Why should you care? | Caring for your Moto Gear
Before we get started, put away the bleach, solvents and heavy cleaners, we won’t be needing them any time soon!
Caring for Textiles (Dyneema, Cordura, Aramid & XTM)
When it comes to looking after your textile clothing, be it a riding shirt or your latest riding jeans there can be a lot of misconceptions out there on how to look after them.
So, let’s look at the basics for these garments.
- Start by removing any armour that might be present in the garment, we don’t need this banging around in the washing machine.
- Always wash at 30 degrees celsius or cooler, exposing these garments to higher temperatures can impact their integrity.
- Always wash garments inside out, this can be done in a regular washing machine.
- Only use a small amount of liquid detergent. Avoid Powder Detergents, fabric softeners, stain removers and bleach as these can also impact the integrity of the garment and any surface treatments it may have.
- Always hang to dry (remaining inside out), no tumble drying! And avoid drying in direct sunlight.
- If your garment has a water resistant coating like Teflon or Goretex it is important to “re-activate” this post wash.
- Turn your garment back to right side out.
- Turn on an iron to a low/medium no steam setting. (Steam is not good for water-proof/resistant coatings)
- Place a towel or cloth between the garment and the iron.
- Iron the garment out without remaining stationary on any point for extended periods.
At some point in the garments life cycle, its water resistance will wear away. When this happens, DWR (Durable Water Repellency) sprays are available online and from outdoor / camping retailers and can be applied to restore the garments water repellency.
How to love your Suede.
What do you need?
- A Suede Brush (I personally love a brass bristled suede brush)
- A Suede Cleaning Block or Spray (Personal choice for removing spot stains)
- A Suede Waterproofing Spray
Caring for your Suede jacket starts from the moment it leaves the shop. Before you take your stunning new piece out on the road, there’s some foundations to be laid.
- Brush your jacket down with your trusty suede brush. This will dislodge any loose material on the surface of the jacket and make sure the nap is brushed in a nice direction.
- Apply your Suede waterproofing spray following the manufacturers direction.
- Breathe a sigh of relief knowing your investment is protected.
Now that your jacket has a base layer of protection, it’s important to keep an eye on the jacket and own its ageing process. (If you don’t like change, look away!)
If you’ve got bugs, dirt or general grit on your suede here’s what to do.
- Get your trusty Suede brush out and brush the whole garment down. Every time you tackle cleaning your Suede its patina will change, this is why its important to tackle the whole garment.
- If you’ve got any stubborn spots on the jacket reach for your cleaning block or cleaning spray. (Always test cleaners on a hidden section to see how it effects nap and colouration)
- Now that she’s looking stunning again, apply another coat of waterproofing and get out and enjoy!
Keep in mind if you don’t love the ageing process or want a garment that will always look the same, suede may not be the material for you. Embrace the change and own that sexy suede jacket!
How to love your Leather.
Caring for your leather garments can take a multitude of different approaches, and it’s about finding the one that works for you. The two main schools of thought for protection and waterproofing are wax (in my case beeswax) or spray on waterproofer.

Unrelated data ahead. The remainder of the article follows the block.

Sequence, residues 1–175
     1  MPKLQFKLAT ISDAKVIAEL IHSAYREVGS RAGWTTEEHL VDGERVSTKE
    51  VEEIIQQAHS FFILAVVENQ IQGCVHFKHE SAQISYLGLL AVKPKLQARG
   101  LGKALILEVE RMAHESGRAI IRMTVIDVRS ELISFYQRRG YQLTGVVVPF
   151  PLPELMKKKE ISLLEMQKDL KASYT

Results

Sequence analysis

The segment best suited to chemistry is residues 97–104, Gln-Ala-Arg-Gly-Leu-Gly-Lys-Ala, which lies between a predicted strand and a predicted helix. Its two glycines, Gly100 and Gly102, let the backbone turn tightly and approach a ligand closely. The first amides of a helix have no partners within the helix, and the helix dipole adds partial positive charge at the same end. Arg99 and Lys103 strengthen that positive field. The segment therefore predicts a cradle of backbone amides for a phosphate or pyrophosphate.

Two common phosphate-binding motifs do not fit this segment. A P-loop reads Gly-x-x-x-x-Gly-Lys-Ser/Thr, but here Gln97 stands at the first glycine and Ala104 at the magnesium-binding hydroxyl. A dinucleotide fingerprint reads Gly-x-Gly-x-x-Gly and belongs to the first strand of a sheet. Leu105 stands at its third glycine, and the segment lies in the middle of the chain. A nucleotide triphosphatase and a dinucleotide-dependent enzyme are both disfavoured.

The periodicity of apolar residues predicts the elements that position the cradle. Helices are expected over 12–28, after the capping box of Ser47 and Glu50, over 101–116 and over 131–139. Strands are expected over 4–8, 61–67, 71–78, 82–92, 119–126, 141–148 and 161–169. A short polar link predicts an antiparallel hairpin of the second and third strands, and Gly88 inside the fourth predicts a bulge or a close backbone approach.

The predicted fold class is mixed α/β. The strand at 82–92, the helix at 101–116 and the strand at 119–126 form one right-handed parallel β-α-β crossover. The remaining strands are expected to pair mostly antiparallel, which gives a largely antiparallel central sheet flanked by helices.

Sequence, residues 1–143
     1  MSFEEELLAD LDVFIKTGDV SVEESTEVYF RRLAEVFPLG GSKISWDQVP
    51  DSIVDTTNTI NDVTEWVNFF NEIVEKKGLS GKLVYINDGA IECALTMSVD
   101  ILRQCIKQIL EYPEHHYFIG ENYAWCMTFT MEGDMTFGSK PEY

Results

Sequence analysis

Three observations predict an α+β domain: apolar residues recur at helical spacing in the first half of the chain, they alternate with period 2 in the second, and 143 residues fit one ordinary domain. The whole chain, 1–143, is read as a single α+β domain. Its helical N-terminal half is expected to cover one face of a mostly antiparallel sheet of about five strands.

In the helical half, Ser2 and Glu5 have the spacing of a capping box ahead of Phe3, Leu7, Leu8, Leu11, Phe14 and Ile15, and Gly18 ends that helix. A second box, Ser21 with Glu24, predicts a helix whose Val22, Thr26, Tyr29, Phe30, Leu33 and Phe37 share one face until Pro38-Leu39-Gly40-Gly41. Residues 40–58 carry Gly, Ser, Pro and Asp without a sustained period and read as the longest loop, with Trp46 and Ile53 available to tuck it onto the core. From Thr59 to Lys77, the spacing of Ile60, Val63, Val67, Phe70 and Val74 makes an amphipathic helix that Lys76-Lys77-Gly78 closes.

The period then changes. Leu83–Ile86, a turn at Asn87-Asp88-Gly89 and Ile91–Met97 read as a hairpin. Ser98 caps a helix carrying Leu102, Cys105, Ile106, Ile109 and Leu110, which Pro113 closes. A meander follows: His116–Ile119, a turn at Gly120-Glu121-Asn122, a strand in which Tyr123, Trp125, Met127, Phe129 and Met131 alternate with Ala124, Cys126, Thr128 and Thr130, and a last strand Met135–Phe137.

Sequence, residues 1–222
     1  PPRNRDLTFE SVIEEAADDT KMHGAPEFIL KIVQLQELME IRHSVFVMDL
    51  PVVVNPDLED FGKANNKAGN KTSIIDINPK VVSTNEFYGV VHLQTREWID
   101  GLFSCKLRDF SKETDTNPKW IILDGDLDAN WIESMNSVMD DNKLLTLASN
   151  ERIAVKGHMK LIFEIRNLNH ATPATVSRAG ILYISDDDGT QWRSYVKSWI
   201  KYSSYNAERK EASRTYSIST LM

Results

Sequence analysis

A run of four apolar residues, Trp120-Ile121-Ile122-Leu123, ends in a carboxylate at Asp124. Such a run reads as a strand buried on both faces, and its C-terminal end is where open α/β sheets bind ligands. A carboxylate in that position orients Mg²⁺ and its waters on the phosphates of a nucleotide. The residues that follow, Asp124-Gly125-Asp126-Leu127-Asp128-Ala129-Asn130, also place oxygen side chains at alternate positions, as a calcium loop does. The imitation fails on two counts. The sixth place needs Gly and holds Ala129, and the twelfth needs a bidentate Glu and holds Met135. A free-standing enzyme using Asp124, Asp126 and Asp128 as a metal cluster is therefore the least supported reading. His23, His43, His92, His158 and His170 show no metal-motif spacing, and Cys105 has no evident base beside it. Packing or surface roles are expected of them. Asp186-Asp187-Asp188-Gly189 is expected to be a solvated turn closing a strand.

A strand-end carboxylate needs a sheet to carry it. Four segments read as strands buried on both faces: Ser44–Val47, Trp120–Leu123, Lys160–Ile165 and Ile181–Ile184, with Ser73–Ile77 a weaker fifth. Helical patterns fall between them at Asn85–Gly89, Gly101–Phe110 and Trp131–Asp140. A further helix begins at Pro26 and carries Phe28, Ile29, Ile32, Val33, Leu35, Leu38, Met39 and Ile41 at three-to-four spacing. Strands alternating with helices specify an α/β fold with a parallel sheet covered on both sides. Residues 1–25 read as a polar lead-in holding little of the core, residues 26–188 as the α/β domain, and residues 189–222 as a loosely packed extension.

No matter which way you decide to go for, the important thing is to start with a clean surface. In most cases a horsehair brush is a good starting point to loosen and remove any debris. If there’s anything further, try a damp cloth to remove the last of it.
The wax route.
- I’m a sucker for a beeswax based leather conditioner and wax combination.
- You’ve cleaned your leather boots up and they’re looking nice and tidy (or you’ve just pulled out your brand new babies!)
- Start off by lightly warming your boots with a hairdryer, if they were just cleaned this will ensure no remaining moisture on the surface of the boots and will open up the pores of the leather.
- Apply your wax with a soft cloth ensuring its gently rubbed into the leather. Work your way all over the boots, re-apply some warmth if needed.
- After a couple of coats have been applied, let them relax for at least an hour or so.
- This is where you get to choose your style, buff lightly or heavily based on the desired sheen and enjoy.
Your boots are now waterproof and moisturised and will love you for it, keep an eye on them and repeat this process as necessary. For me, that’s every 4-6 months but it will depend on what they’ve been exposed to.
The waterproofing spray route.
If you like the clinical approach, waterproofing spray is for you. Generally speaking it is easier to get right and is less art, more science.
- As with the wax route, its important to start with a clean and dry boot. If you’ve had to use a damp cloth to clean, use a hairdryer to ensure any moisture is gone.
- Hit the boots with your choice of Leather Waterproofing spray, there is plenty of options out there.
- If its their first application or you feel it’s needed, apply a second coat.
- Get out there and enjoy your boots!
Neither option is right or wrong, I love a softer and more aged looking leather and am willing to spend the time to develop this. If you’re looking for a no-fuss care approach, try the spray!
Either way, before you tackle your leather boots it is worth speaking with the shop you bought them from as they will often have a coating from the factory. In this case you may not need to re-visit water resistance until later down the track.